Davis SJ, Caldeira K & Matthews HD 2010, ‘Future CO2 emissions and climate change from existing energy infrastructure’, Science, 329(5997), pp. 1,330–3 [dx.doi.org/10.1126/science.1188566]
DEE 2017, Australia’s Emissions Projections 2017, Department of the Environment and Energy, Canberra [www.environment.gov.au/climate-change/publications/emissions-projections-2017]
DEE 2018a, National Inventory Report 2016: Volume 1, Department of the Environment and Energy, Canberra [www.environment.gov.au/climate-change/climate-science-data/greenhouse-gas-measurement/publications/national-inventory-report-2016]
DEE 2018b, State and Territory Greenhouse Gas Inventories 2016, Department of the Environment and Energy, Canberra [www.environment.gov.au/climate-change/climate-science-data/greenhouse-gas-measurement/publications/state-and-territory-greenhouse-gas-inventories-2016]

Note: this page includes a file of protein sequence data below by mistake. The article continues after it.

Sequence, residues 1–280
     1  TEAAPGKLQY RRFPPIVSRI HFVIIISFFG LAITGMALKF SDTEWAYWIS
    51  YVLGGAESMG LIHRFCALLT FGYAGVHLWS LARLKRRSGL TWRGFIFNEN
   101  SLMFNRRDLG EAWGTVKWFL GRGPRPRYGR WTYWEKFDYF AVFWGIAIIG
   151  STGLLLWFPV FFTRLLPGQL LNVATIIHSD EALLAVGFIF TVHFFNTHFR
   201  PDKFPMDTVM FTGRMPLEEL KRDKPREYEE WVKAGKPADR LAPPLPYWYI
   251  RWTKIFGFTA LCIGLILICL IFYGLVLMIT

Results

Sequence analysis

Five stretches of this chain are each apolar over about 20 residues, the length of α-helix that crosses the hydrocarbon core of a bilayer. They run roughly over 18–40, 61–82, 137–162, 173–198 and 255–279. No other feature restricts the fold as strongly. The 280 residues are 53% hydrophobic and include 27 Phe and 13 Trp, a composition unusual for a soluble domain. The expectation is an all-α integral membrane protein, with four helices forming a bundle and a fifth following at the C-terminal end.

Gergis J, Neukom R, Gallant A & Karoly D 2016, ‘Australasian Temperature Reconstructions Spanning the Last Millennium, Journal of Climate, vol. 29, pp. 5,365–92 [https://journals.ametsoc.org/doi/pdf/10.1175/JCLI-D-13-00781.1 (PDF 2.4MB)]
Hartmann DL, Klein Tank AMG, Rusticucci M, Alexander LV, Brönnimann S, Charabi Y, Dentener FJ, Dlugokencky EJ, Easterling DR, Kaplan A, Soden BJ, Thorne PW, Wild M & Zhai PM 2013, ‘Observations: atmosphere and surface’, in: Climate Change 2013: The physical science basis – contribution of Working Group I to the Fifth Assessment Report of the Intergovernmental Panel on Climate Change, Stocker TF, Qin D, Plattner G, Tignor MMB, Allen SK, Boschung J, Nauels A, Xia Y, Bex V & Midgley P (eds), Cambridge University Press, Cambridge [https://www.ipcc.ch/report/ar5/wg1/]